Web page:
Please send inquiries and 1-page abstracts by April 15, 2006 to John Paul Walter (walterj [at] slu [dot] edu).
If you or someone you know may be interested in participating, I'm more than happy to discuss suggested topics and exchange ideas as the proposals are being drafted.

I've set the submission deadline early enough (April 15) so that if I can't include someone's paper, they'll have more than enough time to work up and submit another proposal to the conference if they wish.

Cross posted to Machina Memorialis.

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Thursday, March 16, 2006

Orality and Literacy at 25 Update

I got 11 proposals for my planned session for MLA 2006. I'm pleased with all of them, and deciding which three to accept is proving quite a task. This is the sixth or seventh conference panel I've put together using an open call for papers, and while I've had more papers to choose from once or twice, I've never had so many papers I want to accept. We still have to see if MLA will accept the panel, but even if they don't, just seeing what people are doing has been worth it.

But with the great response I've had, I am going to try to organize "25 Years of Reading and Misreading Orality and Literacy" for CCCC 2007 and "Orality and Literacy in the Digital Age" for Computers and Writing 2007. I'll put the CCCC CFP out soon (over the weekend, I hope), and the CW 2007 CFP after the formal Computers and Writing 2007 conference CFP comes out.

I'll post more information about all the sessions as I have it.

Cross-posted to Machina Memorialis.

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Monday, March 06, 2006

Ong and Comics Again

There might be enough material in the collection for someone (not me) to write an article on Ong and the American Comic. Source material would likely include material from the following publication files:

  • "Mickey Mouse and Americanism." America 65.26 (4 Oct. 1941): 719-20.

  • "The Comics and the Super State: Glimpses Down the Back Alley's of the Mind." Arizona Quarterly 1.3 (1945): 34-48. (See also the Regis College teaching files for other potential leads.)

  • "Bogey Sticks for Pogo Men." America 84.15 (13 Jan. 1951): 434-35.

Thursday, March 02, 2006

DeMille's Samson and Delilah 2

Just about six months ago, I came across a letter from Ong to his parents discussing DeMille's Samson and Delilah. Today I found another one, this time in the corresponsence files for the article "Kafka's Castle in the West." In this new letter, Ong writes:

Next month DeMille's Samson and Delilah is being released. I had the opportunity to see the scripts of this production all through the various stages of its writing, which was completed a year ago last summer. In one of the sequences, Delilah asks Sampson "Is this God of yours everywhere?" (A good question, for the fertility gods were local.) Sampson's answer (since altered): "He is everywhere there is someone to believe in Him." There it is for the man in the street, the cult of the "beyond' transvaluated into the cult of the nothing. Still, nothing is a theorem to be used: there is John of the Cross's todo y nadu But John of the Cross doesn't talk like this. He died praying. Emerson's mind settled into a serene blank.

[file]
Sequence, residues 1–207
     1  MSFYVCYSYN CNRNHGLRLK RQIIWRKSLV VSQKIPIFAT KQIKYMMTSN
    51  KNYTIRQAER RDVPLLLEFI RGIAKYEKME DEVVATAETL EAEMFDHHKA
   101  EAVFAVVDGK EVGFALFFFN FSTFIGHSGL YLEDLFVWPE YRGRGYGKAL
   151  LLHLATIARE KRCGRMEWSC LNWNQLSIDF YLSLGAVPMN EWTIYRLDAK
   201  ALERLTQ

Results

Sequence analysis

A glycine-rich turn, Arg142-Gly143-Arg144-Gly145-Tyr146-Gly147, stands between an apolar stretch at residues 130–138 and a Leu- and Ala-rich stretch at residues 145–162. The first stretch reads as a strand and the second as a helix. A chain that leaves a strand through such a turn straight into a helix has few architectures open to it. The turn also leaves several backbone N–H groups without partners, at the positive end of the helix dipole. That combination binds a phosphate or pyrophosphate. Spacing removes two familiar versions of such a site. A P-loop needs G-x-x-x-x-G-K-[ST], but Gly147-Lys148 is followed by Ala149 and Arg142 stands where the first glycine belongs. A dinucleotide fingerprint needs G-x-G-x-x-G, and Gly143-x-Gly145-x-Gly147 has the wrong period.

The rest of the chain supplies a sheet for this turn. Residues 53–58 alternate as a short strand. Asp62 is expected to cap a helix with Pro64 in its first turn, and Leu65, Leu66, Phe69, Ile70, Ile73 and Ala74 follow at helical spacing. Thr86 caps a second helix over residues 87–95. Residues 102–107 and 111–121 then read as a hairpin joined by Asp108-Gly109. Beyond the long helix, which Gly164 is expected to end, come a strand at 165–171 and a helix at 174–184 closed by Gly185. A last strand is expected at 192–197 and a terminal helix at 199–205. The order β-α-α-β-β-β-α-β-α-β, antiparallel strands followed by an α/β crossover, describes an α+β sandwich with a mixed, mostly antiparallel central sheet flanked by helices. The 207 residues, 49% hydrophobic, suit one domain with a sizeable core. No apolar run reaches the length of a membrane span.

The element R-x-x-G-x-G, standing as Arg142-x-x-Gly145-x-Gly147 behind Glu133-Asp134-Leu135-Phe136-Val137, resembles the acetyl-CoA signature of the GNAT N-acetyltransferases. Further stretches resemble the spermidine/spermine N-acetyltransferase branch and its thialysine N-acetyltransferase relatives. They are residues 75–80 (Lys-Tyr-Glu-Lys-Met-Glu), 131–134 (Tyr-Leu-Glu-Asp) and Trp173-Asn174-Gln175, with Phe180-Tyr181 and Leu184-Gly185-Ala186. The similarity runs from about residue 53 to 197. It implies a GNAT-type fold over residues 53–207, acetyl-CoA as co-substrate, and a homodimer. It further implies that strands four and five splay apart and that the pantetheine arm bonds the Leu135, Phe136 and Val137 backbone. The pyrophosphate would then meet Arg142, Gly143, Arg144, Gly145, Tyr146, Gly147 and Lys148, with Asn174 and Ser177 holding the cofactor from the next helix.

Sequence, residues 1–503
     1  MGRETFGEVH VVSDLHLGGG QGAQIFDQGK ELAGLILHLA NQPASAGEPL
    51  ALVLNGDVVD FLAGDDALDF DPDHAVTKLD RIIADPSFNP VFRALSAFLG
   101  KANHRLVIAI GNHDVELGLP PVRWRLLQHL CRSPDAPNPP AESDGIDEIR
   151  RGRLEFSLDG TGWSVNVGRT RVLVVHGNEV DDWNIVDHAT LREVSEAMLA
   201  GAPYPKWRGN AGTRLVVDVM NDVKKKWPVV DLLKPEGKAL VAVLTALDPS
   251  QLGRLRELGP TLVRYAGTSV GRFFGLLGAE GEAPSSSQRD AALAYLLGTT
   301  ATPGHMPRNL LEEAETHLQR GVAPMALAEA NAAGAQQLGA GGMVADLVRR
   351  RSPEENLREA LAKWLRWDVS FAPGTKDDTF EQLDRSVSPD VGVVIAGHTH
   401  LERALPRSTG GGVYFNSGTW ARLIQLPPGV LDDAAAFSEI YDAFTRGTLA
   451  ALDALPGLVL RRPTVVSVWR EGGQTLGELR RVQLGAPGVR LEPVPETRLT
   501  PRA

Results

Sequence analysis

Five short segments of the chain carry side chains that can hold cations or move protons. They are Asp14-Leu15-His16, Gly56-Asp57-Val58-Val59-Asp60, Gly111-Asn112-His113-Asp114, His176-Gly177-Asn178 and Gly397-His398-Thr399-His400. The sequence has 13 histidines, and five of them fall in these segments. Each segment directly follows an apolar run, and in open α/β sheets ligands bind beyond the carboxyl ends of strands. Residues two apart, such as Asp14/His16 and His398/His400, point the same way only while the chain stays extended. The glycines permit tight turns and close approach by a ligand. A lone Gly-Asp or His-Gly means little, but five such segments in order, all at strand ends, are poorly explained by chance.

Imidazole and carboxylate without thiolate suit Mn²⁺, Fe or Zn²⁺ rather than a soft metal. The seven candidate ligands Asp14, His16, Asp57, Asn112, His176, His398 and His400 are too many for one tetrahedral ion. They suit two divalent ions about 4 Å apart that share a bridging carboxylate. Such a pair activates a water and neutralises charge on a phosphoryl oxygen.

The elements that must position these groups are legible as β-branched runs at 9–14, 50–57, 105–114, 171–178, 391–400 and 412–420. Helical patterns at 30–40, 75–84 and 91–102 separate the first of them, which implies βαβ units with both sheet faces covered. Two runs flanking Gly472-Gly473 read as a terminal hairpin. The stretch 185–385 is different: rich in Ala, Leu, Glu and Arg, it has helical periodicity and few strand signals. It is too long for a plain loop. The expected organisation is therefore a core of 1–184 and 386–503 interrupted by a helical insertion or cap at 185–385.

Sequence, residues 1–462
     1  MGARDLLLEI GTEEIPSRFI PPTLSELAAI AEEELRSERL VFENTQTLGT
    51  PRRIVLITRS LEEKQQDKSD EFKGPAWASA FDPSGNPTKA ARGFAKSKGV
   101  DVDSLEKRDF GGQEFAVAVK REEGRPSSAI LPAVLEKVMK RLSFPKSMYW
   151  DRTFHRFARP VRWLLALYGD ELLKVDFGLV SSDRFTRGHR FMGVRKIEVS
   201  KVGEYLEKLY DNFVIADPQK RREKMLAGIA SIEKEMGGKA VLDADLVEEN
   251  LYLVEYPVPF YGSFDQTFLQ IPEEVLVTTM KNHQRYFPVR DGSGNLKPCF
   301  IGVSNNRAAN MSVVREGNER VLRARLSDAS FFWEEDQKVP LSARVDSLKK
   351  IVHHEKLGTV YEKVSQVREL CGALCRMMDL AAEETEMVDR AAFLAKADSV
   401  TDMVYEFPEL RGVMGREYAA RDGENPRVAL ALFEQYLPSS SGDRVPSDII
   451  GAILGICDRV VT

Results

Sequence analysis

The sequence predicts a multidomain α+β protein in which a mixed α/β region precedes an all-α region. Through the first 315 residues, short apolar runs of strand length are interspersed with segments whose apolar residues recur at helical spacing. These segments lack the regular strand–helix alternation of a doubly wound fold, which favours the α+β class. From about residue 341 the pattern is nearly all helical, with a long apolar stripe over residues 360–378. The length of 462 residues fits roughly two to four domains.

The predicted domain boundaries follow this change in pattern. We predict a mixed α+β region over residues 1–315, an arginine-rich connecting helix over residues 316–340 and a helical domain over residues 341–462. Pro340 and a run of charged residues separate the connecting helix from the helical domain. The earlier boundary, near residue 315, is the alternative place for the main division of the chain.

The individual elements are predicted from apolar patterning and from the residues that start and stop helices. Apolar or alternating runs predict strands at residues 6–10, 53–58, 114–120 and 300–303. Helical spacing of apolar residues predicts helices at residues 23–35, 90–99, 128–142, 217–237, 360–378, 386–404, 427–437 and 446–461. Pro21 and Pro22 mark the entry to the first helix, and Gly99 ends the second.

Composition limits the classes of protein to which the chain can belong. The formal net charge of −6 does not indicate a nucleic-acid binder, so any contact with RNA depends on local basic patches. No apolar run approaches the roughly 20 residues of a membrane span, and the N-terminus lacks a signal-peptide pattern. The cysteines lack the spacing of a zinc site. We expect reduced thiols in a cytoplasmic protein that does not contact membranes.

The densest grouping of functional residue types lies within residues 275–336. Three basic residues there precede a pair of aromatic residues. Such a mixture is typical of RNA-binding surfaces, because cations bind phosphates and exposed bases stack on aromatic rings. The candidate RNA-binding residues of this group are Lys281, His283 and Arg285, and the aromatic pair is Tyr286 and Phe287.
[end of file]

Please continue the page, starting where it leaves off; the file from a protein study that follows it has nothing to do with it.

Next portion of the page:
Wednesday, March 01, 2006

Correspondence with T.S. Eliot

While I've found correspondence between Ong and Eliot's representatives before, today I found a letter directly from Eliot himself, dated 30 Dec. 1947. It's nothing exciting, just Eliot thanking Ong for an earlier letter and the comment that he's looking forward to receiving an offprint of Ong's article "Wit and Myster: A Revolution in Medieval Latin Hymnody" (Speculum: A Journal of Medieval Studies 22.3 (1947): 310-47). I've also learned that we do have at least seven other letters from Eliot in the archives.

Personally, I've found the letters from Francis Yates and J.R.R. Tolkien much more exciting, but that may be because I knew from the outset that I should come across letters from Eliot. That the collection would contain correspondence with Yates wasn't surprising, but it was of great interest to me. Finding Tolkien's letter, on the other hand, was a real surprise, and I'm sure some of the joy in finding the letter is that I recognized Tolkien's handwriting before reading anything, let alone turning the card over to check the signature.

Ong and Comics

In one of the folders containing Ong's "Comics and the Super State" (Arizona Quarterly 1.3 (1945): 34-48) is a survey intended to learn what comics people read. Correspondence in the files indicates that the essay, which sees quasi-fascist, Nazi ideologies in superhero comics, grew out of teaching a "practical criticism" course at Regis College. While the title of the course should have tipped me off, I didn't make the connection to I.A. Richard's Practical Criticism until I saw the survey. As I understand it, Richard's approach to studying people's responses to literature never really took off and was overshadowed by F.R. Leavis' work. But here is evidence that Ong was taking a Richardsonian approach to studying literature. Ong was introduced to the work of both Richards and Leavis through Marshall McLuhan.